114 DEPARTMENT OF HOMELAND SECURITY BIOTERRORISM RISK ASSESSMENT of probability. Details about how this can be done are given 7.  the context of terrorist risk assessment, be it bio- In in Singpurwalla (2006, Chapter 5), wherein references to logical or otherwise, the layered defense and attack the original sources can be found. Some researchers (Cooke, concepts used in military science could be valuable; 1991) argue strongly in favor of calibrating probabilities an inkling of these appears in Morgeson et al. (2006). against empirical data as an alternative to modulation. The Under a layered defense, the probability of penetra- author disagrees that proper Bayesian methods for modulat- tion goes down with the number of layers, resulting ing assessed probabilities are not available. Philosophical in lower probability of a successful attack on an asset. issues aside, the calibration method suggested by Cooke The effect of all this would be an expansion of the requires empirical data; and in the absence of such data, event and fault trees and the assessment of several modulating the assessed probabilities based on one’s assess- conditional probabilities. ment of the expertise of the experts is a desirable option. 8.  Even though alternatives to probability have often been mentioned in the context of a PRA, there do not 4.  many, a routine use of subjective probabilities To seem to be at hand concrete examples and illustra- and their accompanying paraphernalia of Bayesian tions demonstrating the viability of such alternatives. methods in the context of PRA are objectionable; A possible reason behind this state of affairs could be see, for example, Nayak and Kundu (2001). This is the lack of awareness about the availability of some particularly acute when it comes to matters of public tools that are able to deal with decision making in a policy wherein some sense of objectivity becomes fuzzy environment, and in the presence of a one-to- paramount. Thus whenever hard data on the basic many map. Singpurwalla and Booker (2004) and Gi- events are available, frequentist methods should also be ron and Rios (1980) allude to such tools. These tools, used, for no other reason than as a means of calibrating albeit unproven, offer a pathway toward enhancing the Bayesian results. the current PRA technology, and are worth attempting 5.  Risk calculations based on subjective probabilities given the repeated calls for PRA under alternatives to and Bayesian methods should be investigated for their probability. robustness and sensitivity against the priors and the coding, modulating, and fusing mechanisms. It was mentioned before that the traditional decision trees 6.  Much of the current work in PRA uses stylized metrics which provide a prescription for action to mitigate the pos- such as dollars or lives lost, for utilities. Statisticians sibility of an adverse outcome were pertinent to a single deci- routinely use squared error or the absolute error as the sion maker. More important, the decision maker’s opponent metrics of utility. Such metrics, while easy to imple- is considered to be nature, a benevolent adversary. The same ment, may not reflect the true preferences of a deci- is also true of fault trees and event trees, the staple tools of sion maker. Thus formal methods of utility elicitation a PRA. Game theory comes into play when the adversary as prescribed in the von Neumann and Morgernstern is not benevolent, like a terrorist. When such is the case the (1944) interpretation of utility should be considered. static decision, fault, and event trees need to be enhanced to Endowing a PRA with utilities that are formally elic- incorporate adversarial behavior. Thus the graphics and the ited will be a major step forward. This seems to be underlying mathematics of a PRA need to be modified so that lacking. they encapsulate adversarial actions. However doing so under Decision d1 Outcome O Consequence (d 1 , O). D1 R FIGURE G.1  Non-adversarial decision tree of D1. Decision d1 Decision d 2 Outcome O D2 R01268, Consequence (d1, d2, O). D1 Figure G-1 R FIGURE G.2  Adversarial decision tree of D1.

APPENDIX G 115 the umbrella of standard game theory would be problematic Lindley, and A.F.M. Smith (eds.), Bayesian Statistics. Valencia U.P.: because of the matter of infinite regress (see for example, von University of Valencia Press. Good, I.J. 1990. “Subjective Probability.” In J. Eatwell, M. Milgate, and Neumann and Morgenstern, 1944). A possible compromise P. Newman (eds.), The New Palgrave: Utility and Probability. New would be to consider the use of an adversarial decision tree. York: Norton. An adversarial decision tree (cf. Lindley and Singpurwalla, Hassl, D. 1965. “Advanced Concepts in Fault Tree Analysis.” Paper 1991, 1993) portrays the schemata of adversarial decision presented at System Safety Symposium, sponsored by University of making when the actions of each adversary are sequential. Washington and Boeing Company, Seattle, Washington. Kolmogorov, A.N. 1933. Foundations of the Theory of Probability. New The layered attack and defense scenario mentioned above York: Chelsea Publishing. would serve as a suitable model that calls for an adversarial Kolmogorov, A.N. 1969. “The Theory of Probability.” Pp. 229-264 in A.D. event, fault, and decision tree. Since the adversarial actions Aleksandrov, A.N. Kolmogorov, M.A. Lavrentev (eds.), Mathematics, change over time, the underlying probabilities will need to Its Contents, Methods and Meaning, Vol. 2, Part 3. Cambridge, Mass.: be reassessed over time, and the dynamic nature of subjective MIT Press. Lindley, D.V. 1982. “Scoring Rules and the Inevitability of Probability.” probability allows for this constant reassessment. International Statistical Review 50(1):1-26. To get some sense of what an adversarial decision tree Lindley, D.V. 1985. Making Decisions, 2nd ed. New York: Wiley. would look like, consider Figures G.1 and G.2. The former Lindley, D.V., and N.D. Singpurwalla. 1991. “On the Evidence Needed has a single decision node, D1, wherein D1 encapsulates the to Reach Agreed Action Between Adversaries, with Application to actions of D1, a single decision maker. Figure G.1 portrays Acceptance Sampling.” Journal of the Royal Statistical Association 86(416):933-937. the scenario of non adversarial decision making. By con- Lindley, D.V., and N.D. Singpurwalla. 1993. “Adversarial Life Testing.” trast, Figure G.2 which consists of two decision nodes D1 Journal of the Royal Statistical Society, Series B 55(4):837-847. and D2, portrays the contemplated sequential actions of two Morgeson, J.D., V.A. Utgoff, M.A. Fainberg, and M. Keleher. 2006. “Na- decision makers, D1, and his/her adversary D2. The latter tional Risk Assessment Pilot Project.” Institute for Defense Analyses, will supposedly (to D1) act in the light of the actions of D1 Document D-3309. Arlington, Va. Nayak, T.K., and S. Kundu. 2001. “Calculating and Describing the Un- and their possible consequences. However, the decision tree certainty in Risk Assessment: The Bayesian Approach.” Human and itself pertains to the actions that D1 should take, taking into Ecological Risk Assessment 7(2):307-328. consideration the possible actions of D2. The overall aim is Raiffa, H., and R. Schlaifer. 1961. Applied Statistical Decision Theory. for D1 to maximize his/her expected utility. Figure G.2 can Boston: Harvard University, Graduate School of Business Administra- be extended to cover the repeated actions of D1 and D2 over tion, Division of Research. Ramsey, F.P. 1926. “Truth and Probability.” In Foundations of Mathematics several cycles. However, the total number of cycles must be and Other Logical Essays. New York: Humanities Press. finite, or else the matter of infinite regress will begin to creep Savage, L.J. 1972. The Foundations of Statistics, 2nd ed. New York: back. The decision nodes Di, the decisions di, i = 1, 2, and Dover. the random node R of Figures G.1 and G.2 are conventional Singpurwalla, N.D. 2006. Reliability and Risk: A Bayesian Perspective. (see, for example Raiffa and Schlaifer, 1961). Hoboken, N.J.: Wiley. Singpurwalla, N.D. 2007. “Betting on Residual Life: The Caveats of Condi- tioning.” Letters in Probability and Statistics 77(12):1354-1361. REFERENCES Singpurwalla, N.D., and J. Booker. 2004. “Membership Functions and Probability Measures of Fuzzy Sets.” Journal of the American Statistical Barlow, R.E., H.B. Fussell, and N.D. Singpurwalla (eds.). 1975. Reliability Association 99:867-877. and Fault Tree Analysis: Theoretical and Applied Aspects of System Singpurwalla, N.D., and A. Wilson. 2007. “Probability, Chance, and the Reliability and Safety Assessment. Philadelphia, Pa.: SIAM. Probability of Chance.” IIE Transactions. Forthcoming. Cooke, R.M. 1991. Experts in Uncertainty: Opinion and Subjective Prob- von Neumann, J., and O. Morgenstern. 1944. Theory of Games and Eco- ability in Science. New York: Oxford University Press. nomic Behavior. Princeton, N.J.: Princeton University Press. de Finetti, B. 1972. Probability, Induction and Statistics. New York: Walley, P. 1991. Statistical Reasoning with Imprecise Probabilities. Lon- Wiley. don: Chapman and Hall. de Finetti, B. 1974. Theory of Probability. New York: Wiley. Watson, H.A. 1961. Launch Control Safety Study. Section VII, Vol. 1. Mur- de Finetti, B. 1976. “Probability: Beware of Falsification!” Scientia ray Hill, N.J.: Bell Laboratories. 111:283-303. Zadeh, L. 1979. “Possibility Theory and Soft Data Analysis, Memo.” Dempster, A.P. 1968. “A Generalization of Bayesian Inference.” Journal of Technical Report UCB/ERL M79/66. Berkeley, Calif.: University of the Royal Statistical Society, Series B 30:205-247. California. Giron, F., and S. Rios. 1980. “Quasi-Bayesian Behavior: A More Realistic Approach to Decision Making?” In J.B. Bernardo, M.H. De Groot, D.V.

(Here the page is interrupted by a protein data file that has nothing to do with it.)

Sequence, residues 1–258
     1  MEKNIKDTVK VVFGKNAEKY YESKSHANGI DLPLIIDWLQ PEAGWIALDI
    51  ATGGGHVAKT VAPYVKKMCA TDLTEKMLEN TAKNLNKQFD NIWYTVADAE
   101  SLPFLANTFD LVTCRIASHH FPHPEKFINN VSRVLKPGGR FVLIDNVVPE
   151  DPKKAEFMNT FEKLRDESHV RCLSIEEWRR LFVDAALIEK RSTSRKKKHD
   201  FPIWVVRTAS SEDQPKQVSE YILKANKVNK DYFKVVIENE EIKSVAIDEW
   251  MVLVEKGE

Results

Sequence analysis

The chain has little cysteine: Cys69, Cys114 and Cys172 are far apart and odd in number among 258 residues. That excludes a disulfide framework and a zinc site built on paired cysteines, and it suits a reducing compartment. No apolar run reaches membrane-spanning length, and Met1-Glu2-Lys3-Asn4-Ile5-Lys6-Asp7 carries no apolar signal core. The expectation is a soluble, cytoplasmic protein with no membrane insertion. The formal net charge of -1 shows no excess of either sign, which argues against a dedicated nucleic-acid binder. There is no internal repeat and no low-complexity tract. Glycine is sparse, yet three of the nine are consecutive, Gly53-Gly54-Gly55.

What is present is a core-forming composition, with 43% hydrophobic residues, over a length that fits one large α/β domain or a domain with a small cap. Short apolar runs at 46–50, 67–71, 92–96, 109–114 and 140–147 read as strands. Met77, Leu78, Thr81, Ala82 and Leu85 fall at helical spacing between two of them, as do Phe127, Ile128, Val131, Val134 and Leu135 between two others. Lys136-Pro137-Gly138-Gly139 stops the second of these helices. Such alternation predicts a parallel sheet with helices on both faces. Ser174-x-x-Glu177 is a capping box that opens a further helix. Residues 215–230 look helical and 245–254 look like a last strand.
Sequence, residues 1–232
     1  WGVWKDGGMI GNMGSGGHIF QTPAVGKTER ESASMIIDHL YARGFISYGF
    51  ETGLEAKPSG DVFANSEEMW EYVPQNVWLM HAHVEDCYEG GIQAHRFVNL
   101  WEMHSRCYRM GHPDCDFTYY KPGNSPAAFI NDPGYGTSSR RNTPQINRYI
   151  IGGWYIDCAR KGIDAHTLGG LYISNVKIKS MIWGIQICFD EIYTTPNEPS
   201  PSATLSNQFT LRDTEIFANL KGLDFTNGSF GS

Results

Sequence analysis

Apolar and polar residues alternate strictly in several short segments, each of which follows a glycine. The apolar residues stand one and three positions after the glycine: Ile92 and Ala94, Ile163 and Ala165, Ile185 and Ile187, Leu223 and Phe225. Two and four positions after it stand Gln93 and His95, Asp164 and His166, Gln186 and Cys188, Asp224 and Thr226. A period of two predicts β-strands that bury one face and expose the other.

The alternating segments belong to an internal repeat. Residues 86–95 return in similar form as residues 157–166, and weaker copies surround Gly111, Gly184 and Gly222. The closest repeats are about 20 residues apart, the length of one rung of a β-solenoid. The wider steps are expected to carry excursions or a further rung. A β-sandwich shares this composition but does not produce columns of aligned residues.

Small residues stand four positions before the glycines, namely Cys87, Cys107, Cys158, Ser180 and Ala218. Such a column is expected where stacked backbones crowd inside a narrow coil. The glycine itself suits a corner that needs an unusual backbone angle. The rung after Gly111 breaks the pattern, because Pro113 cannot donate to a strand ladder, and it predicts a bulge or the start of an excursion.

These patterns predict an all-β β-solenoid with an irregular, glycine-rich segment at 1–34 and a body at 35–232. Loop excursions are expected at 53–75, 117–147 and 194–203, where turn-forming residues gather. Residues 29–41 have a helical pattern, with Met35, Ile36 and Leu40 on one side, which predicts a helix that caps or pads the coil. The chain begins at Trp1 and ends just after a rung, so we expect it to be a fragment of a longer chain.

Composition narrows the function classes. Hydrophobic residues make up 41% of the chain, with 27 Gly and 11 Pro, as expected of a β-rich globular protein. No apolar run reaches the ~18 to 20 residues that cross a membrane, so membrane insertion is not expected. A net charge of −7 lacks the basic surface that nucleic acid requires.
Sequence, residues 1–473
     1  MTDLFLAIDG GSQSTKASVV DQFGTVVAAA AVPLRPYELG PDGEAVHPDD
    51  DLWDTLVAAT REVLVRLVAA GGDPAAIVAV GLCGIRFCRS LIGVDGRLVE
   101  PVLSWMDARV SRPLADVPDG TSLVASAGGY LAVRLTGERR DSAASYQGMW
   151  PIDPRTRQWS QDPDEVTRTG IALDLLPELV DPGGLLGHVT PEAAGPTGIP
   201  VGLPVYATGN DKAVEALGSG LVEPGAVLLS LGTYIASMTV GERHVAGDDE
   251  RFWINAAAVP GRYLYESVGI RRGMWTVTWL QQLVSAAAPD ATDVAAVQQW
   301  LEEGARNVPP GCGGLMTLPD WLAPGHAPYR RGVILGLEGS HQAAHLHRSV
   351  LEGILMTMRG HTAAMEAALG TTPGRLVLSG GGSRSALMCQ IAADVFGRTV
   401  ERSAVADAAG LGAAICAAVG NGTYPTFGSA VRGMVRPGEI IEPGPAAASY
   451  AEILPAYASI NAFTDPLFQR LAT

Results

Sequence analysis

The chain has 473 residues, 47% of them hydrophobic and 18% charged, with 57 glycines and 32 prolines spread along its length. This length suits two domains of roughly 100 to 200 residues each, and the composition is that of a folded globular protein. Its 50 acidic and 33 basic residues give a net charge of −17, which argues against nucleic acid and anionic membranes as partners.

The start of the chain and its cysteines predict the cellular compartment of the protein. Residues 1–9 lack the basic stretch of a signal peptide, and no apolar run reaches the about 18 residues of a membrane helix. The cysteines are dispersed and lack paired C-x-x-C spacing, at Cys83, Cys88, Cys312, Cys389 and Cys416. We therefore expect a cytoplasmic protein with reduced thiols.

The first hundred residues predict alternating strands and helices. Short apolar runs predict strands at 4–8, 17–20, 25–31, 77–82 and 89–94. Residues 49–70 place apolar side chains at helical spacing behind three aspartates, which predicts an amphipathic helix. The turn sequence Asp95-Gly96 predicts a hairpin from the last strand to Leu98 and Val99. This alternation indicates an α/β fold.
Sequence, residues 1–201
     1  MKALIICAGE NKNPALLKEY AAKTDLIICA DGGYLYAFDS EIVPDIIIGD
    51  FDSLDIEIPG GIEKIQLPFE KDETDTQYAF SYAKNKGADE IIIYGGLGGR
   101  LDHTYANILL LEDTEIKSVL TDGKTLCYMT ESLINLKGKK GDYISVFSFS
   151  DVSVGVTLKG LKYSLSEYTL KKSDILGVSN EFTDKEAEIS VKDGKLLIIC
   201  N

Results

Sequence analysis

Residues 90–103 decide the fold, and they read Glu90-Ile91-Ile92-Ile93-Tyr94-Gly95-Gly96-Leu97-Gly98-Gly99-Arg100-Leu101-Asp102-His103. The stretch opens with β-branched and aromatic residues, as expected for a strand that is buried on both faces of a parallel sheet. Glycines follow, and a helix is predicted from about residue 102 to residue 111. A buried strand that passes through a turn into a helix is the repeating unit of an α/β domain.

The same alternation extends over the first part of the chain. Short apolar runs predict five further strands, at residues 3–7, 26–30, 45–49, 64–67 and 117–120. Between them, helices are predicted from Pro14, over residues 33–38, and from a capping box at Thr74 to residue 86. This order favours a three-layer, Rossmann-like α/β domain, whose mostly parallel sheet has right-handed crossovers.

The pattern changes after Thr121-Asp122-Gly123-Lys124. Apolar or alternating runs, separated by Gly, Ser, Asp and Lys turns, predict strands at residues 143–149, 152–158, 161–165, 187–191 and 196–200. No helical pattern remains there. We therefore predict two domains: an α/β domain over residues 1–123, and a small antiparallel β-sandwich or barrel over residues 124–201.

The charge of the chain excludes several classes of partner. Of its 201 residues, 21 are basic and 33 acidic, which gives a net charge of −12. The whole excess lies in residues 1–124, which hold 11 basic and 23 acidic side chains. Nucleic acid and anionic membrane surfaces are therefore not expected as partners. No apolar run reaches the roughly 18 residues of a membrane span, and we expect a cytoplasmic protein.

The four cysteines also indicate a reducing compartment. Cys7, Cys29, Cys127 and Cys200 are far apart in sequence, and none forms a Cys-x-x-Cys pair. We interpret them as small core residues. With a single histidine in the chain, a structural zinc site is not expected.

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The mission of Department of Homeland Security Bioterrorism Risk Assessment: A Call for Change, the book published in December 2008, is to independently and scientifically review the methodology that led to the 2006 Department of Homeland Security report, Bioterrorism Risk Assessment (BTRA) and provide a foundation for future updates.

This book identifies a number of fundamental concerns with the BTRA of 2006, ranging from mathematical and statistical mistakes that have corrupted results, to unnecessarily complicated probability models and models with fidelity far exceeding existing data, to more basic questions about how terrorist behavior should be modeled.

Rather than merely criticizing what was done in the BTRA of 2006, this new NRC book consults outside experts and collects a number of proposed alternatives that could improve DHS's ability to assess potential terrorist behavior as a key element of risk-informed decision making, and it explains these alternatives in the specific context of the BTRA and the bioterrorism threat.